Improv Everywhere is the group of geniuses who created theNo Pants Subway prank. They specialize in seemingly spontaneous musical break outs in public places. In the above video you can see one of my favorite of their pranks (or “missions,” as they call them), a real life musical in a grocery store celebrating the mingling of fruits (don’t ask, the video explains all)!
And now you, too, can participate in their next prank in mid-April. If you live in NYC and have one or more of the following skills: ballet, gymnastics, or ballroom dancing, then get in contact with them at the following urls:
Last week I went to a delightful community theater production of The Pajama Game. The songs were written by Jerry Ross and Richard Adler, and the show was a big hit when it first opened in 1954. They followed up a year later with Damn Yankees which also was a big hit. Unfortunately, Jerry Ross died shortly afterward at the age of 29, and Adler, who lived to be 90, never had a Broadway hit again.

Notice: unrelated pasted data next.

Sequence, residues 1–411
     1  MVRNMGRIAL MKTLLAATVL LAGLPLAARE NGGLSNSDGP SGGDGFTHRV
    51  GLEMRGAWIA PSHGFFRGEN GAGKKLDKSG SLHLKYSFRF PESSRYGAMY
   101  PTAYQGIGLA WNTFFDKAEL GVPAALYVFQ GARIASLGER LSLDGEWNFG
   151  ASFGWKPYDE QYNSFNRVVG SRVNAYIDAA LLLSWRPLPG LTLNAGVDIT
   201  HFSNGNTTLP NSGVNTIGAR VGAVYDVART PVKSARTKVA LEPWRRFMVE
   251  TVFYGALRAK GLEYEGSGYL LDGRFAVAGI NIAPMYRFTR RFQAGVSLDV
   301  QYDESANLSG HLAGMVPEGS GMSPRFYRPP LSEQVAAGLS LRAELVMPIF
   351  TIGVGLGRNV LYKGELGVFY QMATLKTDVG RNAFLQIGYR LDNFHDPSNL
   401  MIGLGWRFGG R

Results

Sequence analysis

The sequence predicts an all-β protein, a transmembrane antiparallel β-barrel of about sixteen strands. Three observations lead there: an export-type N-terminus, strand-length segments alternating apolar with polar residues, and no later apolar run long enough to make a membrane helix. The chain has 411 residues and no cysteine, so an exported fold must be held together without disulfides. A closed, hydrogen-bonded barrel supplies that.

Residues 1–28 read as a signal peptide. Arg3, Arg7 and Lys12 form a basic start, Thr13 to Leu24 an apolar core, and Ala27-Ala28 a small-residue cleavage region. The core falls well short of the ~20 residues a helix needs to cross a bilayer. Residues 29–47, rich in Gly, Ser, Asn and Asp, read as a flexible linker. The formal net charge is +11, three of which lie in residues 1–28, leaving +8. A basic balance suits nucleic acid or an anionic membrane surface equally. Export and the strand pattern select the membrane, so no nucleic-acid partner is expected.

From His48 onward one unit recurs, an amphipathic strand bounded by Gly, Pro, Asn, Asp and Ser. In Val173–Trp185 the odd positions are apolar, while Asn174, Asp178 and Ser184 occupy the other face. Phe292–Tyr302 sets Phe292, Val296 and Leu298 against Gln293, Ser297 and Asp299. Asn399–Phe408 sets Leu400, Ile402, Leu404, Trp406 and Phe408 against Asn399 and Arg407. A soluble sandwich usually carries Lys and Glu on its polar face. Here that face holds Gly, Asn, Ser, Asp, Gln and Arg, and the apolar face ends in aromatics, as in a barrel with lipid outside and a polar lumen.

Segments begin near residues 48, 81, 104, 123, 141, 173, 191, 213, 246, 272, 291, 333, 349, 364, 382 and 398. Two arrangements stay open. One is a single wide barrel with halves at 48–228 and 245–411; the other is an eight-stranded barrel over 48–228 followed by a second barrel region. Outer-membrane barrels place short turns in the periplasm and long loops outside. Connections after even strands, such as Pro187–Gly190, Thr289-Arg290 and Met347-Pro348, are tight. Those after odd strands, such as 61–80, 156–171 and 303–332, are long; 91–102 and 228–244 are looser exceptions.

The action of the play is the love story between a union leader and a supervisor of the Sleep-Tite pajama company. The love plot is set against the background of an impending strike demanding a 7 and 1/2 cents an hour wage increase. While not politically sophisticated, the story actually celebrates the struggle of union members for better wages, a sentiment you would be hard-pressed to find in today’s popular entertainment.
The score delivered some pop songs that are still standards today. Here’s “Hey There,” sung by John Raitt, who created the lead role in the original Broadway production and the movie. Raitt had one of the great Broadway voices, perfectly suited for the strong leading man tenor roles of Rodgers and Hammerstein as well as The Pajama Game.